FDA Must Analyze Possible Deceptive Sunscreen Marketing: Senator

FDA Must Analyze Possible Deceptive Sunscreen Marketing: Senator

PHOTO: According to a Consumer Reports analysis, nearly half of tested sunscreen products fail to meet the SPF claim on the label. Courtesy of FDA

By Michael V. Cusenza

Citing a new Consumer Reports analysis that suggests that 43 percent of sunscreen products fail to meet the Sun Protection Factor claim on the label, U.S. Sen. Charles Schumer has urged the Food and Drug Administration to launch an investigation into the possible deceptive SPF marketing.

SPF is a measure of how much solar energy (UV radiation) is required to produce sunburn on protected skin (i.e., in the presence of sunscreen) relative to the amount of solar energy required to produce sunburn on unprotected skin. As the SPF value increases, sunburn protection increases.

According to the study, 28 out of 60 sunscreen lotions, sprays and sticks with SPF labels of 30 or higher actually offered less protection than what was listed on the bottle. Moreover, three of the tested products offered SPF levels of less than 15. For four years, Consumer Reports has tested SPF claims, Schumer noted. Of products that were listed as SPF 30-39, 65 percent of chemical and mineral sunscreens tested higher than SPF 30. Of products that were listed as SPF 40-110, 70 percent of chemical and mineral sunscreens tested higher than SPF 30.

“There is simply no doubt about it – some consumers are being totally burned when they buy sunscreen, which is why the FDA must give sunscreen labels the third degree,” Schumer quipped. “With beach season officially in full swing and with a New York City heat wave on the way, the FDA needs to make sure the SPF labels on sunscreen products match the SPF protection being offered. In light of this new study that reveals nearly half of tested sunscreens are offering less protection than its label claims, the FDA should launch a full-on investigation into deceptive SPF marketing. Beachgoers and vacationers deserve the peace of mind to know that the sunscreen they’re using is offering legitimate protection against the sun’s harmful rays.”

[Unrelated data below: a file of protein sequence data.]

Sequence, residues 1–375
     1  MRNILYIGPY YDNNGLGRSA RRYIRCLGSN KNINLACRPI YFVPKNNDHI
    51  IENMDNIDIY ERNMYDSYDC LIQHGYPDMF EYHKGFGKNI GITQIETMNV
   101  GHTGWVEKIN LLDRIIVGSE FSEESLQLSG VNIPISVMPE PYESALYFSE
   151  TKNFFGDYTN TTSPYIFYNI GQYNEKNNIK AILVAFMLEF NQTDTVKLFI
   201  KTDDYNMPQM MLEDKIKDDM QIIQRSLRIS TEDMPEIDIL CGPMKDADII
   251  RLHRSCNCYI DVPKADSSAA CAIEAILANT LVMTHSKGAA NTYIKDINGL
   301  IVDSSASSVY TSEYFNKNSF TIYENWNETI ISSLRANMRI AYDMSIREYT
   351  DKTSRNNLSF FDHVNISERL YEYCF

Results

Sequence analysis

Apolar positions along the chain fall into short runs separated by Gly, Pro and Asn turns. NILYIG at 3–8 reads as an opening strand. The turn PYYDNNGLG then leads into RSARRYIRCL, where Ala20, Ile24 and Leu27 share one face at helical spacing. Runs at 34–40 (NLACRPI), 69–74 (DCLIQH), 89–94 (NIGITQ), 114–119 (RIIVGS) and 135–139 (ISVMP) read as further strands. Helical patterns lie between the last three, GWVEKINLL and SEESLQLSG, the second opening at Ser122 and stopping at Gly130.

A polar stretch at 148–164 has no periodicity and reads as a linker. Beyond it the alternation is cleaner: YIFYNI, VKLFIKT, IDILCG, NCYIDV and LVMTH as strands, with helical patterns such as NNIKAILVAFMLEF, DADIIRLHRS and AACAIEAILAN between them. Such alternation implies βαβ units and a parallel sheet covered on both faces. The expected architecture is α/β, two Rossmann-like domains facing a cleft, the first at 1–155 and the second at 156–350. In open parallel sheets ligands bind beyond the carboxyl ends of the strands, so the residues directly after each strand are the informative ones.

Schumer added that proper SPF labeling is important because of the prevalence of skin cancer in this country. According to the U.S. Centers for Disease Control and Prevention, skin cancer is the most common cancer in the United States.

“While the FDA is aware of the Consumer Reports article on sunscreen products, we cannot speculate on why Consumer Reports found differences between SPF values in its testing and those on product labels,” FDA spokeswoman Andrea Fischer told The Forum. “Manufacturers of sunscreen drug products are responsible for the quality of their products and for determining the SPF reported on the labels for their products, by following specific test methods set forth in FDA regulations. When performed according to current regulatory requirements, the FDA’s established SPF test method demonstrates a sunscreen’s effectiveness in helping prevent sunburn.”

Fischer later added that “All drug products, including sunscreens, are subject to FDA inspection and sunscreen products that are found not to be in compliance with applicable regulations are subject to FDA regulatory actions. At times, the FDA may also initiate targeted surveillance programs to evaluate compliance with specific requirements.”

The FDA also reminded consumers to regularly use sun protection measures, including:

  • Limit time in the sun, especially between the hours of 10 a.m. and 2 p.m., when the sun’s rays are most intense.
  • Wear clothing to cover skin exposed to the sun
  • Use Broad Spectrum sunscreens with SPF values of 15 or higher regularly and as directed

Reapply sunscreen at least every two hours, more often if you’re sweating or jumping in and out of the water.



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